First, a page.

Starting a Business in California

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Starting a business in California takes 7 steps:

  1. Choose a name for your business
  2. Choose the right type of business entity
  3. Register your business with the California Secretary of State
  4. Get your EIN Number (Federal Tax ID Number)
  5. Open a business bank account
  6. Get any necessary business licenses or permits
  7. Register for taxes

We’ll show you how to complete each step. We’ll also give you some tips to make starting your business in California easier.

Important: Sole Proprietorships and Partnerships don’t need to comply with Step 3. We’ll show you why later.

Step 1: Choose a Name for Your California Business

Choosing a name for your California business is not something you want to breeze through. In fact, rushing the process of choosing your business name can be a big mistake.

We recommend taking some time to choose a name people will remember and associate with your business.

To make sure your business is worth remembering, you should choose a name that:

  • rhymes or contains alliteration (ex: Piggly Wiggly, Dunkin’ Donuts)
  • speaks about the benefits of your business
  • you can say with pride
  • is easy to pronounce
  • has a positive connotation for potential customers
  • and ideally, is available as a “.com” domain name

By the way, the first bullet point above refers to the phonological loop. Your brain can better remember words that rhyme and sound similar. So this can help if you want to establish a business name that will “stick” in your customer’s mind.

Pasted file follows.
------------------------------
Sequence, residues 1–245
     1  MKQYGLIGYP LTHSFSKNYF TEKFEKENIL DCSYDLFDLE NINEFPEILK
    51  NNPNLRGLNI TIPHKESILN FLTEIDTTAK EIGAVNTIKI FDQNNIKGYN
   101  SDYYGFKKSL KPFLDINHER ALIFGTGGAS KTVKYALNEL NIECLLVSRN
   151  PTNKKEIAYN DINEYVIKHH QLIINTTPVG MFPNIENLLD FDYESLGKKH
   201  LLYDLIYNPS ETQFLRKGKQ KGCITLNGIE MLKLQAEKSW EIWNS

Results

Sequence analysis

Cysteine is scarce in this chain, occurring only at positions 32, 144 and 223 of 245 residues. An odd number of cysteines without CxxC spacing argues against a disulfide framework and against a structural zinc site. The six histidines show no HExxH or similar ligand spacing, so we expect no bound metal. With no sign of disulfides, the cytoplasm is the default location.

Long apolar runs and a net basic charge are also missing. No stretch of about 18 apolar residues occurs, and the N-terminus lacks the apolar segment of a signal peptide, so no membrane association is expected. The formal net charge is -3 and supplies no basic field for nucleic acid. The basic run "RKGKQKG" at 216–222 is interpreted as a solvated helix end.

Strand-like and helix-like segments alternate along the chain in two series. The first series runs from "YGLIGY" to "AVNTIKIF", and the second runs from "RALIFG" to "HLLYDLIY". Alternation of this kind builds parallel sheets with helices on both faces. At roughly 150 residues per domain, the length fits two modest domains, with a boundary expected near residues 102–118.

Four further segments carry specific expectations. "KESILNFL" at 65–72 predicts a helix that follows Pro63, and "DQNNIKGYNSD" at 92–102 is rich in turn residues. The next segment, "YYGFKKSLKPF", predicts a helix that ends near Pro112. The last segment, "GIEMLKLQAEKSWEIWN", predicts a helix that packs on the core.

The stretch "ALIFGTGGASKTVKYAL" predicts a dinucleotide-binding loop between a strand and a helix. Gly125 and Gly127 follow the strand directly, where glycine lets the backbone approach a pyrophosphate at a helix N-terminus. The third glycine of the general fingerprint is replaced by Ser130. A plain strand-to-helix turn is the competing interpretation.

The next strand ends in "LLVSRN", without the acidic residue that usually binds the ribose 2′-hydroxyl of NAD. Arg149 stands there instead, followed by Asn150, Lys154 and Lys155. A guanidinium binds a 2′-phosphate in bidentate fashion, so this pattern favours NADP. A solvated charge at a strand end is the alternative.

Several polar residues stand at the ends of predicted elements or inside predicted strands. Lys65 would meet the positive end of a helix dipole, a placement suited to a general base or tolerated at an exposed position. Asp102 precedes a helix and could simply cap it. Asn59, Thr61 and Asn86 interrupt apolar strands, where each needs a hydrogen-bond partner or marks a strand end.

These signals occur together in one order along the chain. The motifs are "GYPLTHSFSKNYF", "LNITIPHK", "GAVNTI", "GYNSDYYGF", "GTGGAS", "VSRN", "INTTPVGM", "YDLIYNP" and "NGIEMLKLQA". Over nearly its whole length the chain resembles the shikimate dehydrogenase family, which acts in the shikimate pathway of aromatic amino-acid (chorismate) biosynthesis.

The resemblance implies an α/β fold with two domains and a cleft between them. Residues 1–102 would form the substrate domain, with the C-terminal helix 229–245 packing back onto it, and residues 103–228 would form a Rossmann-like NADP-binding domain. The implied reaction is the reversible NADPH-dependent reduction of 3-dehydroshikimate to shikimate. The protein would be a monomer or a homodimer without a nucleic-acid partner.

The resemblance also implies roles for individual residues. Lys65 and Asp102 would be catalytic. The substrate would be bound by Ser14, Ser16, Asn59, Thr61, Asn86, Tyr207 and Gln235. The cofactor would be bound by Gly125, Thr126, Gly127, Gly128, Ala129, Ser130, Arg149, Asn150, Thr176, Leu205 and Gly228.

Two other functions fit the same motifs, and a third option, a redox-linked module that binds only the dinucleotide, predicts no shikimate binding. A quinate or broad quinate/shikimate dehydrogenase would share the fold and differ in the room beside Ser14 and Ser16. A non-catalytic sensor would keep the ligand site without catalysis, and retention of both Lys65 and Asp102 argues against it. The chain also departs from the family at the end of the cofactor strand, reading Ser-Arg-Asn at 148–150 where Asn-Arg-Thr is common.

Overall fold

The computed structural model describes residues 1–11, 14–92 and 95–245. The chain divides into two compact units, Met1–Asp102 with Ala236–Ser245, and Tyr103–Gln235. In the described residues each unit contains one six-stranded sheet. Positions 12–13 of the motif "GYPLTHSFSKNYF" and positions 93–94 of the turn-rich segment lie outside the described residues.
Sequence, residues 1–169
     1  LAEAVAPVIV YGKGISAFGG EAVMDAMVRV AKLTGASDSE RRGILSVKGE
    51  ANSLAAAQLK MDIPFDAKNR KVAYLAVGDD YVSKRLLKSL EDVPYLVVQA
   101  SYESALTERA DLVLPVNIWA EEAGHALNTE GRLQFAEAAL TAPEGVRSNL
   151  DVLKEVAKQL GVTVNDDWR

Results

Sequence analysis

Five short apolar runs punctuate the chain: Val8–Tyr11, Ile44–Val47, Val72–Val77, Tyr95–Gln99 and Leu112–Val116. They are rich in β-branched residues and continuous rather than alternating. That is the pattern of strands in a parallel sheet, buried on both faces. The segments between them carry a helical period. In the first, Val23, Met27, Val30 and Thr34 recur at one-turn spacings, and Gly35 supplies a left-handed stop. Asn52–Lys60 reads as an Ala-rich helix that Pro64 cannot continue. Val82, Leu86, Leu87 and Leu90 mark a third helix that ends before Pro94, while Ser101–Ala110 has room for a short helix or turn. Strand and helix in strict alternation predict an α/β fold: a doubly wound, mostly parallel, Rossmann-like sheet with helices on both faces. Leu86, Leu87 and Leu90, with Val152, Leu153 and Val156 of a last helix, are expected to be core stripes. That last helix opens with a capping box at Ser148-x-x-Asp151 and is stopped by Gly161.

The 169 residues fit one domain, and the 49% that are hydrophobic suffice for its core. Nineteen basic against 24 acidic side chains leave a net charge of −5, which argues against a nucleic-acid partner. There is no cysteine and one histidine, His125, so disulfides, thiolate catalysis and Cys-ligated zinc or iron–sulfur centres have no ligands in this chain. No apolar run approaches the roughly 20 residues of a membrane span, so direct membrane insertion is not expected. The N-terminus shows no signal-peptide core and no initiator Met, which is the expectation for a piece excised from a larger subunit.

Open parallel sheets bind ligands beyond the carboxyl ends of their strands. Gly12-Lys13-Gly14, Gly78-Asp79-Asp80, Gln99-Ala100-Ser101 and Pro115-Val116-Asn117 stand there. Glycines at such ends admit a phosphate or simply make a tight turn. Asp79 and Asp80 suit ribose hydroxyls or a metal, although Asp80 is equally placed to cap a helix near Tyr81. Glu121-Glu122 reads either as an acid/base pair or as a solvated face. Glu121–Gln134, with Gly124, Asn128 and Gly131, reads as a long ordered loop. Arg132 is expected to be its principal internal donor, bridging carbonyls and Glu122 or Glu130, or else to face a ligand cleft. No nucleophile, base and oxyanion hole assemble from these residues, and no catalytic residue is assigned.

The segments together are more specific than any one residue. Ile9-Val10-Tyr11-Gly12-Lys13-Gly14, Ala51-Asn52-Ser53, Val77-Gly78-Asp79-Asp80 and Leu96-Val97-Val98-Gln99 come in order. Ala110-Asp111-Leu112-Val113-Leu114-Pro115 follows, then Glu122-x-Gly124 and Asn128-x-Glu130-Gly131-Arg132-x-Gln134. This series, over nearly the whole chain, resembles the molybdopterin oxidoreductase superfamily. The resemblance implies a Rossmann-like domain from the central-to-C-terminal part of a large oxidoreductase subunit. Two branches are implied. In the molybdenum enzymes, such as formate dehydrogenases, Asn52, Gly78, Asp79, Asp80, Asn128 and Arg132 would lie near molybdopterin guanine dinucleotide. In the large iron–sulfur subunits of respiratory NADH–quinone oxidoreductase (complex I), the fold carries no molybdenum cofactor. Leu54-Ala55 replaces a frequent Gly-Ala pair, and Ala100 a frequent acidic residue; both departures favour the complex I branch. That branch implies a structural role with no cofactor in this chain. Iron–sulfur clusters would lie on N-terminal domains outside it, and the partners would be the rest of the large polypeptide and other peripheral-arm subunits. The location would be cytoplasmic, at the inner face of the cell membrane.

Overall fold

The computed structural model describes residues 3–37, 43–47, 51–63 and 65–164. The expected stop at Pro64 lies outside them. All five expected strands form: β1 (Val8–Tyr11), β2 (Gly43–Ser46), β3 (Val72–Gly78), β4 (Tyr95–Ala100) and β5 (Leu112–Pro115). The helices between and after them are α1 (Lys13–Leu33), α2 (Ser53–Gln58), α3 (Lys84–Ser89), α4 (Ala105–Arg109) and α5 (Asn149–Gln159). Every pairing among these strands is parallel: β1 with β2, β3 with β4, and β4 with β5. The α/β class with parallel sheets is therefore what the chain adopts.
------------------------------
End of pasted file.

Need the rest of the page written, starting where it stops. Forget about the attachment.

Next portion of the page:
For more tips on coming up with a good business name, check out how to choose a good business name.

After you’ve thought of a few business names, you should search them on the California Business Search page to make sure they are available for use: https://businesssearch.sos.ca.gov/

Find a good domain name:
Finding a good domain name is not always that easy. However, if you use Lean Domain Search (https://www.leandomainsearch.com) and enter one or two keywords relevant to your business, the tool will come up with a list of domain names that are not only available, but are easy to spell and easy to remember.

Note: We have more tips on building a website for your business towards the bottom of this guide.

Step 2: Choose your Right Business Structure

Next, you’ll need to decide the best type of legal structure for your California business.

The most common are:

  • Sole Proprietorship
  • Partnership
  • Corporation
  • Limited Liability Company (LLC)

A Sole Proprietorship in California happens when you operate your business as yourself. There is no separate legal entity created; the law treats you and your business as one person. You are responsible and personally liable for all business activities and any wrongdoing.